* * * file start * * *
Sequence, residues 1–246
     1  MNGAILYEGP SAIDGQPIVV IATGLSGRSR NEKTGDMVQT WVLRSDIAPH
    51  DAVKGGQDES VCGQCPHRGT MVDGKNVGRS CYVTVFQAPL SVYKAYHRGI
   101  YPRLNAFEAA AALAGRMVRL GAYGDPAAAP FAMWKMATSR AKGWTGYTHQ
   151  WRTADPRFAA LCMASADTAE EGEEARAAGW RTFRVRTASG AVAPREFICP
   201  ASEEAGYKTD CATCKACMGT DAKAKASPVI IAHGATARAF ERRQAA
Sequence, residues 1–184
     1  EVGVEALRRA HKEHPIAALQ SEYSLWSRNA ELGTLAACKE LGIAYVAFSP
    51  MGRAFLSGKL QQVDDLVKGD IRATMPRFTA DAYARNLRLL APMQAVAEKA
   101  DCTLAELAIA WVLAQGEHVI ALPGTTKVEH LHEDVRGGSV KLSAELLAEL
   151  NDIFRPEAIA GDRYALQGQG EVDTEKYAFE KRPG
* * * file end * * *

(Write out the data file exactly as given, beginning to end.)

Sequence, residues 1–246
     1  MNGAILYEGP SAIDGQPIVV IATGLSGRSR NEKTGDMVQT WVLRSDIAPH
    51  DAVKGGQDES VCGQCPHRGT MVDGKNVGRS CYVTVFQAPL SVYKAYHRGI
   101  YPRLNAFEAA AALAGRMVRL GAYGDPAAAP FAMWKMATSR AKGWTGYTHQ
   151  WRTADPRFAA LCMASADTAE EGEEARAAGW RTFRVRTASG AVAPREFICP
   201  ASEEAGYKTD CATCKACMGT DAKAKASPVI IAHGATARAF ERRQAA
Sequence, residues 1–184
     1  EVGVEALRRA HKEHPIAALQ SEYSLWSRNA ELGTLAACKE LGIAYVAFSP
    51  MGRAFLSGKL QQVDDLVKGD IRATMPRFTA DAYARNLRLL APMQAVAEKA
   101  DCTLAELAIA WVLAQGEHVI ALPGTTKVEH LHEDVRGGSV KLSAELLAEL
   151  NDIFRPEAIA GDRYALQGQG EVDTEKYAFE KRPG